Soloflex Fitness Changed America…Model Scott Madsen in Jail

The first infomercial
and the launch of a fitness craze,
started in the 80’s…. SOLOFLEX.

The ad made home fitness seem easy, and it made Soloflex a hit. In his book The Soloflex Story, An American Parable, Jerry  Wilson writes that the company went from losing money in 1986 to clearing $54 million in pre-tax profits in 1988; since then, he told me, the company has spent $175 million on cable television buys and sold about $1 billion worth of equipment.

Of course, most of those machines ended up as expensive towel racks: “The vast majority of people who bought them didn’t continue to use them,” Wilson told me. Even so, people kept ordering the machines, fueled by late-night dreams that they could have a body like the company’s shirtless, chest-hairless spokesmodel Scott Madsen.

Pretty Boy Madsen, a gymnast who was called “genetically perfect” in the Washington Post, eventually released a book of action photographs called the The Scott Madsen Poster Book . After nearly 20 years the Scott Madsen Poster Book is still one of  the best erotic photgraphy  book ever  published.

Madsen, who was straight, did not care for the attention of all of his male fans.

“I’ve been chased around the room by faggots.
                   Everyone’s trying to take you for a ride in the East.”
he once said. 

The 49-ish year old hottie-has-been was living  in Vancouver, Washington. In  March 2010,  Madsen was sentenced to 2 years in a Federal prison  for stealing from his former employer. Much more than simple theft from a former employer. Three years of deception, stealing from his uncle’s small business. Scott netted about $80,000 per year in fraudulent receipts. $250,000  later – he was caught.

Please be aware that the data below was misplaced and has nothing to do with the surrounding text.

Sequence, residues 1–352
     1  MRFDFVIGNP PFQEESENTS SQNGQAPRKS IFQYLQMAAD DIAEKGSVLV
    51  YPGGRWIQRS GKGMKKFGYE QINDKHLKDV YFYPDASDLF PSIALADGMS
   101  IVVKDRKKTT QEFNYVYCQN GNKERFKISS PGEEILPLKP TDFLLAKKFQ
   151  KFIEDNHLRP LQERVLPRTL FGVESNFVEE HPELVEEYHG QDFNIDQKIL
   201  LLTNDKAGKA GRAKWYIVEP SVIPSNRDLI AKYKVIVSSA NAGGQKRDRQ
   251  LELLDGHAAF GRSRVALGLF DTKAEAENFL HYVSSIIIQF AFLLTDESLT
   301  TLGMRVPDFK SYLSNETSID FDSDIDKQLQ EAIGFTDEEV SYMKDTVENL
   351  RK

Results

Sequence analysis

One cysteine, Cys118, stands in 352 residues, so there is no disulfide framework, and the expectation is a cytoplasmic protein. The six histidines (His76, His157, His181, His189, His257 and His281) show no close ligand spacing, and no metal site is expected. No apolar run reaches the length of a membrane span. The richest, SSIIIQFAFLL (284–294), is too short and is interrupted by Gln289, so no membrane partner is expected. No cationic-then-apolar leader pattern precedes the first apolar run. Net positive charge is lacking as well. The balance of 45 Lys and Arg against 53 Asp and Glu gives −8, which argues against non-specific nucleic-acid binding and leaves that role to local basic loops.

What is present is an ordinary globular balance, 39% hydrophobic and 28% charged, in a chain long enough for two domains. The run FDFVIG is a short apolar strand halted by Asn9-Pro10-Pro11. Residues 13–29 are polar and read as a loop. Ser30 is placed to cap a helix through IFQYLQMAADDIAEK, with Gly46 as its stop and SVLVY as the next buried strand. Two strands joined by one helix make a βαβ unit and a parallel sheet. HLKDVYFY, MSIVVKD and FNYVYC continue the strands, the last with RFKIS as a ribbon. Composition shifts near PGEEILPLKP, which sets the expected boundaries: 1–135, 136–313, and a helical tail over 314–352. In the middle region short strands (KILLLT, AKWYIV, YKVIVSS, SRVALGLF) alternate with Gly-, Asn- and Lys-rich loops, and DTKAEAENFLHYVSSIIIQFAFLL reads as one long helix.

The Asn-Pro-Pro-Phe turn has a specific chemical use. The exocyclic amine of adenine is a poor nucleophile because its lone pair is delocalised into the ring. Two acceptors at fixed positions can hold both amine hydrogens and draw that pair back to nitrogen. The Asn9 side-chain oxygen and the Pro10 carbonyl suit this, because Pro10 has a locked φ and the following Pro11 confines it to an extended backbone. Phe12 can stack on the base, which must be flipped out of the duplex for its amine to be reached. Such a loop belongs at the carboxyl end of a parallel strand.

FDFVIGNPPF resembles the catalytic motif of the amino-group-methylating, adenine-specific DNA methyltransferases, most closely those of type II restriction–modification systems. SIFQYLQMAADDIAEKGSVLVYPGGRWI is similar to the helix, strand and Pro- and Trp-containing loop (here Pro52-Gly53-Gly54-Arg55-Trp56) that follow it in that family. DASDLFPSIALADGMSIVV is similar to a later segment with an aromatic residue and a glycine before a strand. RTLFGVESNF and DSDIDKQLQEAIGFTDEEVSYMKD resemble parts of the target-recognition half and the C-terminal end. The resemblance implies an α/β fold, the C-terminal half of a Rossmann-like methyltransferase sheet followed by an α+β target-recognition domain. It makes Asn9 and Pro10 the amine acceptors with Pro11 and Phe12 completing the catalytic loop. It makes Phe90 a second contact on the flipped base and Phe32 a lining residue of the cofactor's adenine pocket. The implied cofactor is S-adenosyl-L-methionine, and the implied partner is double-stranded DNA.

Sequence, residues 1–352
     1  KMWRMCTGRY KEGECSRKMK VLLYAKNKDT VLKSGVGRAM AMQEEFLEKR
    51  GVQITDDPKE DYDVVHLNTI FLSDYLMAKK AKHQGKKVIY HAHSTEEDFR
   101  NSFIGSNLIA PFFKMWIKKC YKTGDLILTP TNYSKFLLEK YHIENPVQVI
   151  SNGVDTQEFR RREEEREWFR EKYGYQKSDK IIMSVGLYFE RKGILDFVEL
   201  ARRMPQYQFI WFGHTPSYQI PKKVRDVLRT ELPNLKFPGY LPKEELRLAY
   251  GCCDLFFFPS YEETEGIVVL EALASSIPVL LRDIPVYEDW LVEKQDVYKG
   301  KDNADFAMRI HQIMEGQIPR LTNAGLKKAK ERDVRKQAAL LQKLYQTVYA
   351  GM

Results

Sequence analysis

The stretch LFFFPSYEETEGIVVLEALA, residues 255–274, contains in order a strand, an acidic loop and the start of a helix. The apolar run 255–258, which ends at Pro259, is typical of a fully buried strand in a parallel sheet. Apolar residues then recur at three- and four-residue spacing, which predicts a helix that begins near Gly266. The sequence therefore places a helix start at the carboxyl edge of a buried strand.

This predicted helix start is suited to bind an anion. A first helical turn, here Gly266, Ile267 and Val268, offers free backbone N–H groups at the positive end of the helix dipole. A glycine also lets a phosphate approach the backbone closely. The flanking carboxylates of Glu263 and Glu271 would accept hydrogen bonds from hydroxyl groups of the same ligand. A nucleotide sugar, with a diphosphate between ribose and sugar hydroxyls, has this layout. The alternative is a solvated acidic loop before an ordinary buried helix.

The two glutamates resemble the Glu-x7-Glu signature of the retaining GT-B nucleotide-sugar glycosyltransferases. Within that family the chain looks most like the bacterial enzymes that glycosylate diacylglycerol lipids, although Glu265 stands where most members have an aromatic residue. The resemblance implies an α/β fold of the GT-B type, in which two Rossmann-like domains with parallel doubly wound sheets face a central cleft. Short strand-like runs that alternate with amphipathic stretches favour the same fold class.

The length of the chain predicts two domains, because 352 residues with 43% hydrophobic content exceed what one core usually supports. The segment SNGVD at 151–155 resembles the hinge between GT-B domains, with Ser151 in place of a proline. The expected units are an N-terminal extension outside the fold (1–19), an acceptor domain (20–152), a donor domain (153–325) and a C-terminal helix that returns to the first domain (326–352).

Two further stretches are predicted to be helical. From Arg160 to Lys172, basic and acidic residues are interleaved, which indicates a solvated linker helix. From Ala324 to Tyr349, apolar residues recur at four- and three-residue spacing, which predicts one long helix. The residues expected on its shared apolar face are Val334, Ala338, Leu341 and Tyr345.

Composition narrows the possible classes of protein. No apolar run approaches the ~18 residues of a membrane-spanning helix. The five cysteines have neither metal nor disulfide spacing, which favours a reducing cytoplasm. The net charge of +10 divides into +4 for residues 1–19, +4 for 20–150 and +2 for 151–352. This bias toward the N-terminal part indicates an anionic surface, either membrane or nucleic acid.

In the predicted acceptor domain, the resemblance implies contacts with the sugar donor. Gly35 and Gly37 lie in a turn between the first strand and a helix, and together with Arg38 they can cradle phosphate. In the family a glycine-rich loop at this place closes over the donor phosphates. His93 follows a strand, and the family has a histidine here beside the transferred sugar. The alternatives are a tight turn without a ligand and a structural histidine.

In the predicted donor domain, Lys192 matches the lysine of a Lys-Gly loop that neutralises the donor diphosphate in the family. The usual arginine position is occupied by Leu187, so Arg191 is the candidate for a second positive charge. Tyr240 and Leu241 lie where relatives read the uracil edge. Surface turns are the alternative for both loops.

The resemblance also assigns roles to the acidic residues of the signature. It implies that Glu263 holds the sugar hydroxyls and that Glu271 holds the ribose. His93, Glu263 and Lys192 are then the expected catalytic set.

Back to Soloflex, Madsen helped the company STRIKE RICH! After a couple years of struggling with sales, Wilson hired Madsen to ne his poster boy.  SALES FLEW THROUGH THE ROOF.  Wilson became a rich man.

A host of imitators soon appeared, parroting Soloflex’s marketing and iconography. “It is a bit grating when people say to me, ‘Hey, you’re the Bowflex  guy, aren’t you?’ ” he writes. Wilson made a pastime of suing these companies, and the lawsuits made him still richer. (Bowflex settled with Wilson for $8 million; NordicTrack settled for $18.5 million and soon thereafter filed for bankruptcy.)

Soloflex was once $495 – and  is now  $1250  these days. In recent years, Soloflex has been eclipsed in popularity by other, more au courant devices that loudly tout their new fitness innovations and bargain-basement prices. Wilson wrote that he could’ve moved production of the Soloflex to China, allowing him to build a cheaper exercise machine to compete with his lower-cost rivals. The Soloflex inventor explained, however, that he would “rather quit business than ship jobs offshore.”

The result, he wrote: “Soloflex is still here, albeit much smaller. That’s fine with me.”